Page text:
Banks and other financial institutions have expressed interest in providing more than $60 billion towards a super-sized fund aimed at bailing out structured investment vehicles (SIVs), The Wall Street Journal reported on Sunday.
If these expressions of interest turn into formal funding commitments, organizers would near their goal of raising $80 billion to $100 billion, the newspaper said in its online edition.
Wachovia , Bank of America , Citigroup and JPMorgan Chase , which are putting together the mega-fund, are targeting some Europe institutions such as HSBC Holdings in London and Dresdner Bank in Germany, the WSJ said. Additional details were not immediately available.
SIVs are funds that buy bonds linked to mortgages and other debt and finance their purchases by selling short-term debt known as commercial paper.
SIV's have had trouble funding themselves recently and could be forced to sell billions of dollars of debt into the market to pay back their investors.
The organizers also are planning to approach other non-U.S. banks such as Bank of Montreal and Standard Chartered.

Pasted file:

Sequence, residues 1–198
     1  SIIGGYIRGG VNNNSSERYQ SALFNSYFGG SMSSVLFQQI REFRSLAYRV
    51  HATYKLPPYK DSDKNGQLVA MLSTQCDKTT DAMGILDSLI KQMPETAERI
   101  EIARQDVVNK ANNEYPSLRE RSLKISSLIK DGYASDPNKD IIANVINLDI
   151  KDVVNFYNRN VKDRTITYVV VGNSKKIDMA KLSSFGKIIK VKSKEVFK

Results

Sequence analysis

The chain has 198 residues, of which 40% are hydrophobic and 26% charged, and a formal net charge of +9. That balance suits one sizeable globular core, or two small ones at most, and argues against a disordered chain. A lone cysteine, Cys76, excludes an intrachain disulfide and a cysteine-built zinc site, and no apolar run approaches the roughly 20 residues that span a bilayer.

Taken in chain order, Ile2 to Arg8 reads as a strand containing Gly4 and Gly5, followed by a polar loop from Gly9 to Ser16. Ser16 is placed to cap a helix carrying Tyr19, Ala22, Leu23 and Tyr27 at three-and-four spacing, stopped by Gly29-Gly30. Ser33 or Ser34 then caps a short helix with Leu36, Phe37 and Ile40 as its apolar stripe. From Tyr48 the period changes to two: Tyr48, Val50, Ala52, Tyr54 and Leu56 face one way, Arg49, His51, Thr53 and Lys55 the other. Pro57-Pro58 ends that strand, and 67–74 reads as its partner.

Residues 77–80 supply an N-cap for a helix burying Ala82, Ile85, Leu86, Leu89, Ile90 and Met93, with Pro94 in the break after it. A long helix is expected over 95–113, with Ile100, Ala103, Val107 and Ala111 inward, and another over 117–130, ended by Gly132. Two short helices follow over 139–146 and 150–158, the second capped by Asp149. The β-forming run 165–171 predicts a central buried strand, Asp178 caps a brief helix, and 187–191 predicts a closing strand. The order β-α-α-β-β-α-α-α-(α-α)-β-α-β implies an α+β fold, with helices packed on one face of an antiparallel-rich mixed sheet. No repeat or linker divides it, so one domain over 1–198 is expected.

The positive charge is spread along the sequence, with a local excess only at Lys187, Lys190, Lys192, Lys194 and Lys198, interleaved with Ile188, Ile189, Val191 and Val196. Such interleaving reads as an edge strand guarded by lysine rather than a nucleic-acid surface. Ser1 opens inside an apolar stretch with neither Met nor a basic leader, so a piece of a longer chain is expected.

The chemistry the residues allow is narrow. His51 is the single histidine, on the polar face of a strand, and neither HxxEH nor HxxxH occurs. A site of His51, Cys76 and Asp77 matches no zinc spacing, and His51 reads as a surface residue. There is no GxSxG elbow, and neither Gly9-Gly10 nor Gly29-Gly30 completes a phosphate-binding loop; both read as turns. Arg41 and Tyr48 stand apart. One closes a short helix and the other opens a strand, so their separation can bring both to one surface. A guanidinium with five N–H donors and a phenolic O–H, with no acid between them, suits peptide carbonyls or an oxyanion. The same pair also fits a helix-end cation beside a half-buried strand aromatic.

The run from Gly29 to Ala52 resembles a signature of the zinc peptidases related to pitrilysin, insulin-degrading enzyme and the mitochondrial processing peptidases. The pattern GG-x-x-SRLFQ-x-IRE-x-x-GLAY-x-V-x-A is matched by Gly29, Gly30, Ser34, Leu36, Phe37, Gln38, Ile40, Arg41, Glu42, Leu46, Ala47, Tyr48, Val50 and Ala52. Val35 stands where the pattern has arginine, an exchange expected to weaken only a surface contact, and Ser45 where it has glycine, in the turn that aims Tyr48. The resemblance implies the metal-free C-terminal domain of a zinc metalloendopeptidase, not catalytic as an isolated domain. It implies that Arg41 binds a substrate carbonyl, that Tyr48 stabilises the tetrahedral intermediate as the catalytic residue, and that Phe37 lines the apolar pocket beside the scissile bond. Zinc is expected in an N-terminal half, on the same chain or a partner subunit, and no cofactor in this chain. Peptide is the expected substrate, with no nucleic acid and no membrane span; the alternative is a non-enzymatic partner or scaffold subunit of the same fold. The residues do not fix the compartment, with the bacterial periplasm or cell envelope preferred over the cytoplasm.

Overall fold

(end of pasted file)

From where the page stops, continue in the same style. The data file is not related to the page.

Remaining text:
Reuters reported separately that U.K. banks Barclays and Royal Bank of Scotland joined other global banks this month by lining up $30 billion facility from the Federal Reserve to rescue customers with short-term liquidity problems.
Barclays has been given permission to borrow up to $20 billion through the facility while RBS can borrow up to $10 billion, according to data from the U.S. Federal Reserve webtsite.
"Major banks such as ourselves... are encouraged by the Fed to have this kind of facility in place. That's what we have done," an RBS spokeswoman said.
The Sunday Telegraph newspaper had earlier quoted banking sources as saying the credit line was set up as a contingency and may not have to be used at all.
Barclays also said it has a facility ready for clients when they need refinancing.